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How to Build a Budget or Office PC (Guide With Pictures)
Jan 28, 2011Computer HardwareComments (0)
View the updated guide here!

There are many reasons to build your own PC instead of buying a Dell, HP, or other pre-assembled PC. The most common reasons are that it's fun, it gives you a sense of accomplishment and confidence, it gives you more control over what goes into your PC, and it usually costs less.

What parts do you need?

Let's first take a look at the components that typically go into a PC (plus some common abbreviations for them). Note that this list does not include the monitor, keyboard, mouse, or other external hardware, just the PC box itself.

  • Computer case
  • Power supply (PSU)
  • Motherboard (Mainboard, MB)
  • Processor (CPU)
  • Memory (RAM)
  • Hard drive (Hard disc drive, HDD)
  • Optical drive (CD/DVD/Bluray reader/burner)
  • Graphics card (GPU) - can be "integrated" or "discrete", more on that below

There are additional things you can purchase, such as a sound card, wireless card, additional hard drives, etc. These won't be covered in this guide.

The first step is to decide what you want to use your PC for. Will you be surfing the Internet and checking emails? Will you be playing the latest PC games? Will you be doing photo or movie editing? A gaming PC will need better components than an Internet PC will, and will cost more.

The most expensive single part of a PC is usually a discrete graphics card. Discrete means separate or detached, and a discrete graphics card is a separate board that is connected to the motherboard. You can forgo buying a graphics card altogether and just select a motherboard with integrated graphics. It is much less expensive, however the graphics processing ability of an integrated GPU is far less, and will only be suitable for web-based and older games, or light photo editing. For an Internet/Email only PC, integrated graphics will be ok.

Compatibility, sockets, interfaces, and standards

This is the part that discourages most newcomers, as there is a plethora of different standards that you will have to mix and match. Stick with it, and you will eventually understand it and have a leg up on all your friends. I will break down each component and give the most common standards used as well as my preference.

Computer case
The most common sizes of cases are "Full Tower", "Mid Tower", "Mini Tower", and "Desktop". Full towers are very tall and usually used for workstations and servers. Mid towers are the most common for home PCs and is what I recommend. Mini towers are smaller and come in many different shapes. Desktops are designed to sit flat on a desk.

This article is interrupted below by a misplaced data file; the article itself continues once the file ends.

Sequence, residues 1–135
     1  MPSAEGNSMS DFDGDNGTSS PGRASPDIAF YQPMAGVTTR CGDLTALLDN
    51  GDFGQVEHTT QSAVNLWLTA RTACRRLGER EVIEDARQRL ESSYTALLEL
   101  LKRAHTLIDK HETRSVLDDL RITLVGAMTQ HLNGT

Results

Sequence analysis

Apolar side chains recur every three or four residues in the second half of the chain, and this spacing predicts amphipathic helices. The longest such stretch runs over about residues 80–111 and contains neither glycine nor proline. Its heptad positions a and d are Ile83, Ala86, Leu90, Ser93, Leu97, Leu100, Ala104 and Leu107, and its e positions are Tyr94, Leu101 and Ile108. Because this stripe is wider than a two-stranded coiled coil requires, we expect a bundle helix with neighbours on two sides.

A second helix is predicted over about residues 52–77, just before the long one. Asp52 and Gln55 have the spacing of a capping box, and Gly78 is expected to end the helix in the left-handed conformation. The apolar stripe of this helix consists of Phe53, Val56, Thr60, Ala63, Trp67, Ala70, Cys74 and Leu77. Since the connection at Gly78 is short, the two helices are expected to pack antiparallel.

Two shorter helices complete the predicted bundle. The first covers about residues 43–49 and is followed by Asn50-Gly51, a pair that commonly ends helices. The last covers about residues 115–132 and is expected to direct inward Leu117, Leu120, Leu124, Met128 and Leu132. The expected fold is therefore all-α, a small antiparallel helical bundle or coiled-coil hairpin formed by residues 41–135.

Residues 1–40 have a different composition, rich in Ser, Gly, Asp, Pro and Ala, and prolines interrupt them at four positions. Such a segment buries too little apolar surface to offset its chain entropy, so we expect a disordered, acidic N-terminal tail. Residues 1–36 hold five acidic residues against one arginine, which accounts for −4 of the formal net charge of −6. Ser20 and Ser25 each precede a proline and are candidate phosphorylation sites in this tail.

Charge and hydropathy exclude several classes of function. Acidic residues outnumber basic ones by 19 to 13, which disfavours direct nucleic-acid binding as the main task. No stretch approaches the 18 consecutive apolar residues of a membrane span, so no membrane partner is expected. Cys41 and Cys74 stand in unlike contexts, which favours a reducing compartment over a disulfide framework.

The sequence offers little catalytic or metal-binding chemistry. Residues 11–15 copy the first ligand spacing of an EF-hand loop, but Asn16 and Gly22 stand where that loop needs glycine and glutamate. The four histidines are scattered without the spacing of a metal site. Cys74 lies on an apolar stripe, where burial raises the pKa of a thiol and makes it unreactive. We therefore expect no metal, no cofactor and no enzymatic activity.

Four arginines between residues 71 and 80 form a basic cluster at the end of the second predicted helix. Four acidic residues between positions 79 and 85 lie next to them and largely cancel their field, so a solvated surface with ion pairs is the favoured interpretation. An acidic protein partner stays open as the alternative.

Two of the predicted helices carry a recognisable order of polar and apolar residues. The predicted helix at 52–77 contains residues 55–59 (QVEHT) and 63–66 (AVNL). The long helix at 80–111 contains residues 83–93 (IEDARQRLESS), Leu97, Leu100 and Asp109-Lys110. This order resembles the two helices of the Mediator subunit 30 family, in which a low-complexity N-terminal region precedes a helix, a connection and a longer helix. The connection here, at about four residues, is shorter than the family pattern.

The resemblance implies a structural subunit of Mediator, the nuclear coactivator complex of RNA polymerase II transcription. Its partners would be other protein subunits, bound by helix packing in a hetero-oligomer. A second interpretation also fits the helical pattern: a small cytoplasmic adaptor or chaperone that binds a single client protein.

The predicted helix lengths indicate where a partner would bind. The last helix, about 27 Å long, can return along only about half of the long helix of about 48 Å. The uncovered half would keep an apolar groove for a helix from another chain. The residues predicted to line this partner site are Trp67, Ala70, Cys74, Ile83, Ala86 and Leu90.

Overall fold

Beyond the case size and shape, there are specifications that determine what motherboard and power supply a case will accept. The two main types are "ATX" and "Micro-ATX" (there are others but I recommend staying away from them while you're learning). Micro-ATX is smaller than ATX, and both are very popular. For simplicity I recommend building your first PC in an ATX case. This is because micro-ATX cases sometimes take ATX power supplies, and it can cause problems when ordering the right parts if you aren't on top of it.

Cases generally have USB, Fire-wire, and Audio ports somewhere on or near the front. These are useful, so make sure the case has them in the location you desire. They will be plugged into the motherboard, which I will cover later. Just FYI, the ports on the back of the PC are a part of the motherboard, not the case.

One other thing to consider is that a lot of PC cases come with a power supply. It can be a good way to save a few bucks by buying a case with a PSU already in it, just make sure you get a more expensive case as the cheap power supplies that come in cheap cases can cause instability or damage other components.

Power supply
ATX and Micro-ATX are the two main options here as I mentioned above. Power supplies are the most important component of the PC, as a low quality one can damage your components. Just make sure to stay away from $15-20~ cheap ones, as those are generally low quality. When purchasing a case with PSU or a separate PSU, be sure to read the reviews (depending on where you buy) and if one has too many negative reviews stay away from it. When buying a power supply separate from a case, make sure they are compatible. ATX12V is the latest standard for ATX cases as of this writing.

You've learned about ATX and micro-ATX, which refers to the mounting hole pattern and size of the motherboard. If you're getting an ATX case, you'll need an ATX motherboard. Next make sure the motherboard CPU socket matches the CPU that you want. After that, make sure the motherboard chipset has the features you want. Examining the side of the motherboard that has all the external connectors helps.